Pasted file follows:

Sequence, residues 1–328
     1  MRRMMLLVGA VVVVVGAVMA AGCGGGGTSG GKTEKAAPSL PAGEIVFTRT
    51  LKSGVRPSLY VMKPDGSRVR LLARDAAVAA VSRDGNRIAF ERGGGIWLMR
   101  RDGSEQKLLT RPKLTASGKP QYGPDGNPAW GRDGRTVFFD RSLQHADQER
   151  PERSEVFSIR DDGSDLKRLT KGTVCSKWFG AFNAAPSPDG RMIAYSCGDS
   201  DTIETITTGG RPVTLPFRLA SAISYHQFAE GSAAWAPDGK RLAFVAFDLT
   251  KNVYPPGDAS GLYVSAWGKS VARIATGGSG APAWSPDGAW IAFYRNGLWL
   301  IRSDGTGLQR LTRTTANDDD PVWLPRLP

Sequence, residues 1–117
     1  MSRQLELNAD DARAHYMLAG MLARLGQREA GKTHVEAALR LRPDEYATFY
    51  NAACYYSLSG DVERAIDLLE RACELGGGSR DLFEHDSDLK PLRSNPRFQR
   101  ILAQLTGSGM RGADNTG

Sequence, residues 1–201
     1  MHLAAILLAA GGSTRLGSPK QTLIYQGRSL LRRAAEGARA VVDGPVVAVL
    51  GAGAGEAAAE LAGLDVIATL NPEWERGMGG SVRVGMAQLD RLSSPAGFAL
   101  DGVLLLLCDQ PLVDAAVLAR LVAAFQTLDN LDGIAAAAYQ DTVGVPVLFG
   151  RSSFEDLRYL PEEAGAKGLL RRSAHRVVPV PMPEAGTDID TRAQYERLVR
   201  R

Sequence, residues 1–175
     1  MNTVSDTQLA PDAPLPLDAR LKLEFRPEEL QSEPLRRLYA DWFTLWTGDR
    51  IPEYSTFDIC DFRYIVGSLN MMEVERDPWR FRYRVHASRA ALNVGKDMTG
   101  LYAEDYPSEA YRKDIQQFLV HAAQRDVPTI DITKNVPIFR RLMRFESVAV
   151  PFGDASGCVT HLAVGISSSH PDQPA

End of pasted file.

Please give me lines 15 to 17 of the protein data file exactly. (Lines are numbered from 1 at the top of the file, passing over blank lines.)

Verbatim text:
    51  GAGAGEAAAE LAGLDVIATL NPEWERGMGG SVRVGMAQLD RLSSPAGFAL
   101  DGVLLLLCDQ PLVDAAVLAR LVAAFQTLDN LDGIAAAAYQ DTVGVPVLFG
   151  RSSFEDLRYL PEEAGAKGLL RRSAHRVVPV PMPEAGTDID TRAQYERLVR